Within the Town of Markham, Toronto Transit Commission (TTC), Viva (a type of bus rapid transit), and York Region Transit (YRT) offers public transit services for the local residents. Since 1973, Markham has been providing a public transit of its own, namely Markham Transit, and was funded by the municipal government. In 2001, the York Regional government "merged" the Markham Transit with 4 other municipal-managed transit systems to form York Region Transit. In 2005, York Region Transit launched Viva, which operated in parts of Markham on Yonge Street and Highway 7. In addition, GO Transit provide passenger trains and shuttles to help commuters to get to their work.
- Main article: GO Transit
As GO trains only offer train services during rush hours, and that GO trains are only available in certain locations (primarily the centre portion of the town), GO shuttle buses are bound to serve as an alternative. During non-rush hour, GO shuttle buses departs from stations across town and will transport passengers to Downtown Toronto (As all GO train lines does). GO shuttle buses also connect with other YRT routes and TTC routes.
GO buses are developing, like Viva, a bus rapid transit. This plan has already started by launching an express bus route on Highway 407 ETR.
GO buses also extend the service area of the GO trains. In Markham, there are only 2 lines, one operating on Highway 7, linking Brampton and Markham, and the other one is the York University express, operating on Highway 407.
- Main article: Toronto Transit Commission
Due to Markham's proximity to Toronto, some bus routes in Markham are operated by the Toronto Transit Commission (TTC). They are called the "TTC contracted routes operating within York Region". These buses all connect to subway or RT stations in Toronto, and thus help to connect Markham (or the whole York Region) with Toronto.
There are a total of 8 TTC contracted bus routes operating within Markham (that is 47% of all 17 TTC routes operating in York Region). There is a special fare policy to go with this special contracted bus program. If a passenger boarded a TTC contracted bus route in York Region, and only travel within York Region, the passenger must pay according to the YRT's fare policy. The passenger is entitle for another free ride of other York Region Transit/Viva operated bus routes, or TTC contracted bus routes (and that is, if the passenger does not travel into Toronto). If a passenger boarded a TTC contracted bus route in York Region and travel into Toronto, the passenger must pay an extra fare (YRT's fare and TTC's fare). The passenger is entitle for a free ride on the subway or RT or streetcars, or TTC bus routes operating within Toronto. If the passenger enters York Region again, he or she must pay another fare for the YRT.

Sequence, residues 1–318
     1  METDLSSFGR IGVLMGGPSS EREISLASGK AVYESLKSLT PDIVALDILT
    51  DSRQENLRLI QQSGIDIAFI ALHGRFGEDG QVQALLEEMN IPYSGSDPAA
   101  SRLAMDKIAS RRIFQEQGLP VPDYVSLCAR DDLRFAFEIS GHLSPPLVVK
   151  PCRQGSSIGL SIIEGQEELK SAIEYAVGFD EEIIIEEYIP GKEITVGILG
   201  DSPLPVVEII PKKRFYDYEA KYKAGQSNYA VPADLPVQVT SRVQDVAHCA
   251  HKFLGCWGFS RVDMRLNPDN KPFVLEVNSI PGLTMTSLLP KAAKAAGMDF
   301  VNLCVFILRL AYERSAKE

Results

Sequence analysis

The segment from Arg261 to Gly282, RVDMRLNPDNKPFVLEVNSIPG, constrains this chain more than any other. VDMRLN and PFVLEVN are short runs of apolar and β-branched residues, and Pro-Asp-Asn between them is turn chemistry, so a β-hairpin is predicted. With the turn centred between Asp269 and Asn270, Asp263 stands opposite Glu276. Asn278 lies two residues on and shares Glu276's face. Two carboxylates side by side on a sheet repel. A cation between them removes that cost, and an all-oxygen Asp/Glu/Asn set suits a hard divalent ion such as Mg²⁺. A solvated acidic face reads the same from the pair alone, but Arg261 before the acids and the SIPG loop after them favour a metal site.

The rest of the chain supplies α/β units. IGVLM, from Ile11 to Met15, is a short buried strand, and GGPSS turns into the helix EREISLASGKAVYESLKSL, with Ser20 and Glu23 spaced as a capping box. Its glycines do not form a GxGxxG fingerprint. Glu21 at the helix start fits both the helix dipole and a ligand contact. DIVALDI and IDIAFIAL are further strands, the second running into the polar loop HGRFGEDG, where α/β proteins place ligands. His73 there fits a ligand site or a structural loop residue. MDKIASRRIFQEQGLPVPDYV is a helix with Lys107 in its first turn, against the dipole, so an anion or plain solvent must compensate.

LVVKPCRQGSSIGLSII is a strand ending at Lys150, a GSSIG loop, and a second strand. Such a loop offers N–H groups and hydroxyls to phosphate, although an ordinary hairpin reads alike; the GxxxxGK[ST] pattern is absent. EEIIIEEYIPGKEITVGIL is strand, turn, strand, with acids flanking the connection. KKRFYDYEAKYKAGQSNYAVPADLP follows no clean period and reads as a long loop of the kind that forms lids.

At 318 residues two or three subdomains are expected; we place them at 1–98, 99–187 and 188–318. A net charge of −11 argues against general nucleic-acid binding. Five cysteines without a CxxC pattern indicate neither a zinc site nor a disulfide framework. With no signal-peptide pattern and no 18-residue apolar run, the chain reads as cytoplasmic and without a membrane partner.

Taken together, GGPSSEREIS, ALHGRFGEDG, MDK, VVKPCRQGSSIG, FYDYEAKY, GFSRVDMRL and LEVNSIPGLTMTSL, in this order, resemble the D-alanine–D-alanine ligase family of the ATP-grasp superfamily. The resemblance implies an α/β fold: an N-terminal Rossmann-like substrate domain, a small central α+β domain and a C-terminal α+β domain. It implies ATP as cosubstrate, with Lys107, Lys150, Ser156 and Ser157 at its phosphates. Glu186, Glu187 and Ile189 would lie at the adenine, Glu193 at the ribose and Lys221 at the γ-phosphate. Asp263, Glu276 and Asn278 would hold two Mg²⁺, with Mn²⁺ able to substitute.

York Region Transit (YRT)Edit
- Main article: York Region Transit
A merged system of Markham Transit and 4 other municipal-managed transit systems, forming York Region Transit in 2001. The York Region Transit is now serving all over Markham with over 40 routes. The system operating system operates in a grid-like system. Most of its bus routes are operating on the main routes throughout Markham, which is laid in a grid-like system. Transfers between bus routes are available at major intersections. Passengers are required to pay a flat fee of $3.25, no matter of age. Unlike travelling on TTC contracted routes, travelling on the YRT and entering Toronto does not require an extra fee. The York Region Transit allows Markham residents to travel around York Region, Toronto, Brampton (YRT Route#77 travels to Bramalea City Centre), and Hamilton (YRT connects to GO shuttle)
Other than that, YRT offers 4 express routes (80% of 5 YRT express routes -- not counting the Bayview Express, which is scheduled to be discontinued in September 2007). The express travels on higher speed limit roads, such as Highway 407. The express routes include # 300 (Business Express), 301 (Markham Express), 302 (Unionville Express), and 303 (Cornell Express). All of the express routes connect to the Finch Bus Terminal.
- Main article: Viva (bus rapid transit)